51470 | Okla. | Jul 1, 1980

613 P.2d 1046" court="Okla." date_filed="1980-07-01" href="https://app.midpage.ai/document/cave-springs-public-school-district-i-30-v-blair-1144783?utm_source=webapp" opinion_id="1144783">613 P.2d 1046 (1980)

Ladana BLAIR, Appellee.

No. 51470.

Supreme Court of Oklahoma.

July 1, 1980.

Jack E. Rider, Stilwell, for appellant.

Bruce Green, Muskogee, for appellee.

*1047 IRWIN, Vice Chief Justice.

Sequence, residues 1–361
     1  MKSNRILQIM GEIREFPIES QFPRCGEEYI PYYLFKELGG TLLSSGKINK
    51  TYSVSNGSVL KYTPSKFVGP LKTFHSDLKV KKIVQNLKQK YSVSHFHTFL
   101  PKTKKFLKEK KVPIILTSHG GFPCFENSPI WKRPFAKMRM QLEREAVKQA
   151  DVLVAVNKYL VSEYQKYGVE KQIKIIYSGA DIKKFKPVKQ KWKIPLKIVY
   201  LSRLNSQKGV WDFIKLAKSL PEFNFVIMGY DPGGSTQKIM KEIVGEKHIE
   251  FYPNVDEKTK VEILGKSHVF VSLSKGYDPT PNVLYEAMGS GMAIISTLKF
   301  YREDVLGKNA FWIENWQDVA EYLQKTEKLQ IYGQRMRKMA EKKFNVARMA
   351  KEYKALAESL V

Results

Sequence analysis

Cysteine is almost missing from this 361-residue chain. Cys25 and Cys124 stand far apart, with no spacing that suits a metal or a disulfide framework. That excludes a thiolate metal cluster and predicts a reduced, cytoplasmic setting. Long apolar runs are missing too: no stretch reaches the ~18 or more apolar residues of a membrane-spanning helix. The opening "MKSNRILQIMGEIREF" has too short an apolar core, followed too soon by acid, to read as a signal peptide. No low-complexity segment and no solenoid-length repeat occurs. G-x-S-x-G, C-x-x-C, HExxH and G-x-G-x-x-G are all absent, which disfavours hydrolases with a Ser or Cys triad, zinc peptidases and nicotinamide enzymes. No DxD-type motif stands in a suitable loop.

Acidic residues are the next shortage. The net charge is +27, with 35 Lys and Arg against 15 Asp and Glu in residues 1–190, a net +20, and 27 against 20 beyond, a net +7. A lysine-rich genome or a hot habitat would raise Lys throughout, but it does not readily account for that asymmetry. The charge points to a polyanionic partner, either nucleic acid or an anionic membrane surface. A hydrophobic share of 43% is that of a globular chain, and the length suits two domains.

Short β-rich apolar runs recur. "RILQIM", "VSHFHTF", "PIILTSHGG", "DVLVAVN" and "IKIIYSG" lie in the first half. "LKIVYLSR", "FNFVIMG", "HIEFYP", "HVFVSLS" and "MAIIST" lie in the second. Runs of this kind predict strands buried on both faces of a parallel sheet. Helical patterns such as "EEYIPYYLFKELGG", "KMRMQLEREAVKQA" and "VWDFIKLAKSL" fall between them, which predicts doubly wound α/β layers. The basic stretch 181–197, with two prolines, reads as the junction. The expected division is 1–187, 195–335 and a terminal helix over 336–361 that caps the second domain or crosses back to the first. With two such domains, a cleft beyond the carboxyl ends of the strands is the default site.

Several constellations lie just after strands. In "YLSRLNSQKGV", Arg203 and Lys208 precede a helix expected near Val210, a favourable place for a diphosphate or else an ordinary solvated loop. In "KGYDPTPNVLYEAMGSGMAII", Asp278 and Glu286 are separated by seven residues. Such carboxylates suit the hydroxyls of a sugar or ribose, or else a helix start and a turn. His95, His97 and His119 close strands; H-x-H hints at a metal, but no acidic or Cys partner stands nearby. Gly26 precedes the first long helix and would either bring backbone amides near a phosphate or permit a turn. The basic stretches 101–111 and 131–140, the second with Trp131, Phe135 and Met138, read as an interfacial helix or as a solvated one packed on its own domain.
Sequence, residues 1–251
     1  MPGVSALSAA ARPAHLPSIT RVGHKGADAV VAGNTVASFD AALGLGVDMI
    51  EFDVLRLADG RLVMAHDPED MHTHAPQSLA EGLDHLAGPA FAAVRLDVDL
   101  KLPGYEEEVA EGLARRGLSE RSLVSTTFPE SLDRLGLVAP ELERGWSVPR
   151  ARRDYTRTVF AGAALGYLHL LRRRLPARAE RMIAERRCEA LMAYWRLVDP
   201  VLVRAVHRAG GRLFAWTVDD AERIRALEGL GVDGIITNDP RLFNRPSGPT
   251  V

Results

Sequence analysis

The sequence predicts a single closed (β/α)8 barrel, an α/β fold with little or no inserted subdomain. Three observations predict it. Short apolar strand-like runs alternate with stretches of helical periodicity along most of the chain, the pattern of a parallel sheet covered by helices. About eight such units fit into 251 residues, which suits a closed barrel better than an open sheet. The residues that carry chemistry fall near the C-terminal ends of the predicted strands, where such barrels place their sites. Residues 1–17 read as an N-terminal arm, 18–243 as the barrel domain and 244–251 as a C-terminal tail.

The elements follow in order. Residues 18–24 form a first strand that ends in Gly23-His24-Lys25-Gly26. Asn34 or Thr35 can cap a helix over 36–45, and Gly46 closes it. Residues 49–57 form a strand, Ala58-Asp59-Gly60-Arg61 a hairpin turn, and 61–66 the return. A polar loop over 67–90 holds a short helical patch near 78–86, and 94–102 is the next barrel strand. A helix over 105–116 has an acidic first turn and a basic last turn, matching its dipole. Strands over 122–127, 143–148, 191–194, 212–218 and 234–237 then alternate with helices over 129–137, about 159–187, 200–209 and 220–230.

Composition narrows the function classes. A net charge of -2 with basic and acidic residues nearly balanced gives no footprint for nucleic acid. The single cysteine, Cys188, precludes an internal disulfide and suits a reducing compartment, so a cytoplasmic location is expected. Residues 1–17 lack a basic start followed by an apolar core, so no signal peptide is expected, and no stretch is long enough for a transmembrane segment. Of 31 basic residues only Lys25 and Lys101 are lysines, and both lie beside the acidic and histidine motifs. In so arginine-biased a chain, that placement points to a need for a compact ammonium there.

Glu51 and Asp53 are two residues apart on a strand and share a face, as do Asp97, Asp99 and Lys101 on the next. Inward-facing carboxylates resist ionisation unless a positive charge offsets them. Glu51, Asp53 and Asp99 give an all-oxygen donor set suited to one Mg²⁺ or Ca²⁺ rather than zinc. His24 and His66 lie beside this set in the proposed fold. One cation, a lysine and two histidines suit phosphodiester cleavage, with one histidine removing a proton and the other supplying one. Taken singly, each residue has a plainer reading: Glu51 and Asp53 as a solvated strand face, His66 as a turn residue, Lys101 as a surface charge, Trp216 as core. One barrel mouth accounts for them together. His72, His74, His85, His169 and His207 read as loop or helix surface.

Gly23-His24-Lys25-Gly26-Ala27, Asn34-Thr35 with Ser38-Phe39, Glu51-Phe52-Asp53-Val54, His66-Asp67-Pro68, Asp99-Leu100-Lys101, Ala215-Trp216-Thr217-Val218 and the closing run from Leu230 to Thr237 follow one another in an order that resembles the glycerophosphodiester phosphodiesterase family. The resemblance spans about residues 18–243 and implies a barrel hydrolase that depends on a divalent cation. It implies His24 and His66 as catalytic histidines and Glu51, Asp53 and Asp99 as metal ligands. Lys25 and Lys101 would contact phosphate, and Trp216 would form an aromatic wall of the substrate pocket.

Plaintiff teacher commenced proceedings against the school district to require the school district to consider her teaching contract for the 1975-76 school year as renewed for the 1976-77 school year. Plaintiff proceeded on the theory that the school district did not notify her by certified mail prior to April 10, 1976, that her contract would not be renewed and under 70 Ohio St. 1971, § 6-101(E), her contract was automatically renewed. The trial court rendered judgment for plaintiff and the school district appeals.